Gedhun hugged his father and grandfather, turned, and headed off with the monks. His father and grandfather turned and headed out of the market and back up the hilly path toward home. No one felt joyful, not even the monks. But deep down inside everyone knew the truth. Gedhun and his family had been presented with the opportunity of a lifetime. He would be educated. The monks walked mindfully back toward their monastery and school with Gedhun. The 20 kilometer walk would take the better part of the day.
The monks stopped around midday near the bank of a slow flowing river. Everyone sat and the monks shared a lunch of dried fruit, leftover rotis, and cold tea with Gedhun. Across the river, deer walked silently. All around them birds chirped, happy to be warm in the midday sun. Just before getting up to continue on, one of the monks pulled a small wrapped package from his monk’s bag. He slowly unwrapped it to reveal a thick bar of chocolate. Gedhun had never seen or tasted it. The monk broke it up into small pieces and shared it. The monk encouraged him to allow the chunk of chocolate to sit and dissolve in the mouth. Gedhun tried that for a minute but was overcome by the deliciousness of it, finally giving in, chewing it up and swallowing it.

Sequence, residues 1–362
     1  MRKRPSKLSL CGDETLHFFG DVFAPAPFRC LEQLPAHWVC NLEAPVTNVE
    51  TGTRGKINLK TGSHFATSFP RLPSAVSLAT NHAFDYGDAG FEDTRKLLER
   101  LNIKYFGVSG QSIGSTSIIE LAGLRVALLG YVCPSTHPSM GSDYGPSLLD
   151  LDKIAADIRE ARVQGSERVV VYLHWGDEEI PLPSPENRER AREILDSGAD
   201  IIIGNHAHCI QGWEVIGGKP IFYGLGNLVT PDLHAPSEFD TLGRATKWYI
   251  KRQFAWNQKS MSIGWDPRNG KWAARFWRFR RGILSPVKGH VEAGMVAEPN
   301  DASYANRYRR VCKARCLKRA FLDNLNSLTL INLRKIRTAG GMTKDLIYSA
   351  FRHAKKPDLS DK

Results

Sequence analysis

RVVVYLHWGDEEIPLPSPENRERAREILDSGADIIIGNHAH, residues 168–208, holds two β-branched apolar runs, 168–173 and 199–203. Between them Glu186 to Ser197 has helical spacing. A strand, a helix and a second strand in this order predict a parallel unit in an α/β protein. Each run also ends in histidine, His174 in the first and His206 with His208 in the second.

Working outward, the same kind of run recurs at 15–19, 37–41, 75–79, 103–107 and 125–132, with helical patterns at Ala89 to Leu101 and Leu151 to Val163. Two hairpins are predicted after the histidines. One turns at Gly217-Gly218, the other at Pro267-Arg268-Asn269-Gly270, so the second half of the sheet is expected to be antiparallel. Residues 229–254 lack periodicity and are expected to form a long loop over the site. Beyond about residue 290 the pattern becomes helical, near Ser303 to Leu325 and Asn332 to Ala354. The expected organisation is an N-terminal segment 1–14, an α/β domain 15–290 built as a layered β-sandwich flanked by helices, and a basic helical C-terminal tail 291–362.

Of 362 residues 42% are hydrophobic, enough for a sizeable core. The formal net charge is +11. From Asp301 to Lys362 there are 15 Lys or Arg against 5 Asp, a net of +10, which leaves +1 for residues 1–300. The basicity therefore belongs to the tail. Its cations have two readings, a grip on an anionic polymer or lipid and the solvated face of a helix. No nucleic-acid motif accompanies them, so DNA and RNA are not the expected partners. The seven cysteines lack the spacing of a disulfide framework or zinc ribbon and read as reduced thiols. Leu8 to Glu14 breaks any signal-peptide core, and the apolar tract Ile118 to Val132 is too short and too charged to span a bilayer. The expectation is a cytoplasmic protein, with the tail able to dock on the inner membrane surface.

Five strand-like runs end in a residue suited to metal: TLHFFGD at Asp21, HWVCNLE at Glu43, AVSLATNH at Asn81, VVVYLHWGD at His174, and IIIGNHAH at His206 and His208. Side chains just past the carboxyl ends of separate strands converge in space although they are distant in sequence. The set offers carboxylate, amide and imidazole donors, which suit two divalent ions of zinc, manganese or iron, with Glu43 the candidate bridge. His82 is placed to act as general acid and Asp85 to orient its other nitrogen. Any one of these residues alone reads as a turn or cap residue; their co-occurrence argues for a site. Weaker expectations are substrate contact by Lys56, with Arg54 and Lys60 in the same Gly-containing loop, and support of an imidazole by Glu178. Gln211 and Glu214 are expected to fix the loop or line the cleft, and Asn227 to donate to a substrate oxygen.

About mid afternoon the group stopped once again. This time everybody laid down. The monks had a daily practice of resting on their back, ankles crossed, hands folded, for about 20 minutes. They were adept at relaxing their body and mind to the point where they could produce delta and theta waves in their brains, giving them the benefits of hours of deep sleep with a simple 20 minute nap.
Gedhun fell asleep quickly and began to dream.
The oldest monk was the first to feel it. A subtle but steady vibration of the ground beneath him. He began to shift his conscious awareness from his deep sleep state back to the present moment. When he finally blinked his eyes open the steady vibration had become more of a rumbling and shaking. Gedhun and the other monk were shaken awake. The eldest monk motioned for them to sit cross-legged facing each other. He began chanting Om Tare Tuttare Ture Soha – The Green Tara Mantra. The mantra to relieve them from all sufferings. The mantra to relieve them from the 8 fears. The mantra to help overcome unpleasant situations. The mantra that Gedhun had chanted with his family right before he left his home earlier that morning.